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ARS Home » Plains Area » Lubbock, Texas » Cropping Systems Research Laboratory » Plant Stress and Germplasm Development Research » Research » Research Project #435291

Research Project: Cotton Root Cell Wall Fortification as Resistance-enhancer Against Fusarium Wilt (Fov) and Root-knot Nematode (Rkn)

Location: Plant Stress and Germplasm Development Research

Project Number: 3096-21000-022-17-N
Project Type: Non-Funded Cooperative Agreement

Start Date: Sep 15, 2018
End Date: Sep 30, 2021

Objective:
1. Evaluate root cell wall composition on cotton progeny or germplasm with known resistance/susceptibility response to pathogen infection such as FOV races 1 and 4 (FOV1 and FOV4), and RKN. 2. Identify genes, compounds or proteins involved in repair and cell wall reinforcement-fortification. 3. Develop a screening assay-tool for identifying and selecting resistant breeding lines to FOV and RKN.

Approach:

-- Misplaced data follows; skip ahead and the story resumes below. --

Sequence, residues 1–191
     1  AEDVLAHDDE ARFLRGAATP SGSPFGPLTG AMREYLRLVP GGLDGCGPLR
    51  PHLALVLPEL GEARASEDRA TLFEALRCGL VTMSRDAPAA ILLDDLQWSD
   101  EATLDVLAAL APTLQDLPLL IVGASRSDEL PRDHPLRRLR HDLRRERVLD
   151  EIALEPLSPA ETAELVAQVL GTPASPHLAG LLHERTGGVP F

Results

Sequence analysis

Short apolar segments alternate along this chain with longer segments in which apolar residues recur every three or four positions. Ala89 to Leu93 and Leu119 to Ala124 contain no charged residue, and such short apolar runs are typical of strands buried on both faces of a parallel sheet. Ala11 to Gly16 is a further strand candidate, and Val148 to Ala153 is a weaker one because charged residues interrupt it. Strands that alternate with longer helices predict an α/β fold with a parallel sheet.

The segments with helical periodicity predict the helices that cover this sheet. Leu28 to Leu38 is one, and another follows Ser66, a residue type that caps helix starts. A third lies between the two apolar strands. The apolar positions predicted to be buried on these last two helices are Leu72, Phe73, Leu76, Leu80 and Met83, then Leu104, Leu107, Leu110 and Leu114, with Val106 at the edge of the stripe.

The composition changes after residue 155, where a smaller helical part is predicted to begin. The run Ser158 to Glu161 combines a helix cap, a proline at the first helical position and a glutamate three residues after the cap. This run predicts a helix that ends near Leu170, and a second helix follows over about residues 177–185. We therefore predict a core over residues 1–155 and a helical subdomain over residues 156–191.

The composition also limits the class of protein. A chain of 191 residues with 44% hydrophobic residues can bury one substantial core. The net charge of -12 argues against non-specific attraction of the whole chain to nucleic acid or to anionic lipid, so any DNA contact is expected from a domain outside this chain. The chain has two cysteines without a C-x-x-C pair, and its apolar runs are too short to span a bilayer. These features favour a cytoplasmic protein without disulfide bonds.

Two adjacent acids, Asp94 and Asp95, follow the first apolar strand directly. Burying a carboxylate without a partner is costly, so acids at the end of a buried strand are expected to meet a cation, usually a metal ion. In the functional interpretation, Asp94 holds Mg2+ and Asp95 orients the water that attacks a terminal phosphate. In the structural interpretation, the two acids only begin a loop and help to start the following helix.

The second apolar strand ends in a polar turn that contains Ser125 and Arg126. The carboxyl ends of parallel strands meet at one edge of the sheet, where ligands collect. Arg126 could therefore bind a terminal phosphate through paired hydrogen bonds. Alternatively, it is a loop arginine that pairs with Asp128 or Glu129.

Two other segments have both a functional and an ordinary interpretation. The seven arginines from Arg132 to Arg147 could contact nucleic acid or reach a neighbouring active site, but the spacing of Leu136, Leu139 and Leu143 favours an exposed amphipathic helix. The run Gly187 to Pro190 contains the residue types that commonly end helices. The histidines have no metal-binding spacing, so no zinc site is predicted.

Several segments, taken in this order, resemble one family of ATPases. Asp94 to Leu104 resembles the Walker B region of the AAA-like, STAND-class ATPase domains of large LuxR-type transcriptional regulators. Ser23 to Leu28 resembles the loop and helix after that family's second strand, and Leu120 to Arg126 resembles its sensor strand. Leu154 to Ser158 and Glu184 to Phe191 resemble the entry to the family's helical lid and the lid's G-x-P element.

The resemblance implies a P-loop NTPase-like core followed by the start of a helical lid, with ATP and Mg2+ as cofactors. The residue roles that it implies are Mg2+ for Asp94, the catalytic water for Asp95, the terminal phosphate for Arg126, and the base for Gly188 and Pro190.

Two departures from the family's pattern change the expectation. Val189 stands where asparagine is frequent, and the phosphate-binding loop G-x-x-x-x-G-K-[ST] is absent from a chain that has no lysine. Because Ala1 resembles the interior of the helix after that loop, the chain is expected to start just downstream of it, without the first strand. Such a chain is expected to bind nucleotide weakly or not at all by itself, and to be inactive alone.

Multiple evidences from model and crop species demonstrated that the cell wall acts as a physical barrier against pathogen infection. Hence it is possible to enhance cotton resistance against Fusarium oxysporum f. sp. vasinfectum (FOV) by identifying cotton entries with stronger cell walls which acts as a strong physical barrier against pathogen entry-infection. The goal of this proposed project is to explore if cotton (Gossypium spp.) root cell wall composition can be used as an indicator for resistance-enhancement against FOV races 1 and 4 (FOV1 and FOV4) and the pest root-knot nematode (RKN) Meloidogyne incognita. FOV is a worldwide distributed soil borne vascular pathogenic fungus that penetrates plant tissues causing damage, cell necrosis, and wilting symptoms in plants. This fungus has been a continuing problem causing cotton economic losses in the U.S. and worldwide. We will isolate cell walls from entries with known disease response to FOV1, FOV4, and RKN to analyze their composition. Two-step approach will be used to screen the lines. We first perform a rapid screening using histochemical analysis of the cotton root cross sections by staining for various cell wall polymers. This is a rapid technique to identify the lines with enhanced cell wall polymers. Then the lines with higher cell wall polymers will be further analyzed for the biochemical composition by wet laboratory methods (HPLC/GC/Spectrophotometer). Several cell wall fortifications such as deposition of callose, cellulose, lignin, phenolic compounds and structural proteins have been reported to occur directly below the point of attempted penetration to prevent the pathogen infection. Callose (ß, 1-3 glucose polymer) is a cell wall component that is quickly deposited in response to the pathogen infection. Breeding material or cotton entries have been selected/developed with resistance to FOV such as race 4 (FOV4) and RKN by the USDA-ARS and University cooperators. These and additional entries of interest identified from ongoing screening and selection efforts at the USDA-ARS, CSRL, Plant Stress and Germplasm Development Research, Lubbock, TX and/or other germplasm sources will be used as appropriate for this project. In addition, using the next generation sequencing technology, information from expressed genes have been generated from infected and uninfected roots of susceptible and resistant/tolerant entries, including resistant/tolerant PS6 and susceptible PS7 to FOV4. From this USDA-ARS ongoing RNA-Seq transcriptomic research, candidate genes involved in cell wall fortification will be identified. SNP-biomarkers will eventually be used in marker-assisted breeding for developing tolerant cotton lines. Resistance to FOV4 was originally identified in commercial Pima cotton (G. barbadense L.), Commercial Phytogen 800, and originated-pool germplasm, Pima S-6. However, so far, resistance in Upland cotton (G. hirsutum L.) has not been identified and commercial Upland varieties are not available. Therefore, there is still a critical need to identify and develop upland cotton germplasm and cultivars with disease resistance, especially to FOV4.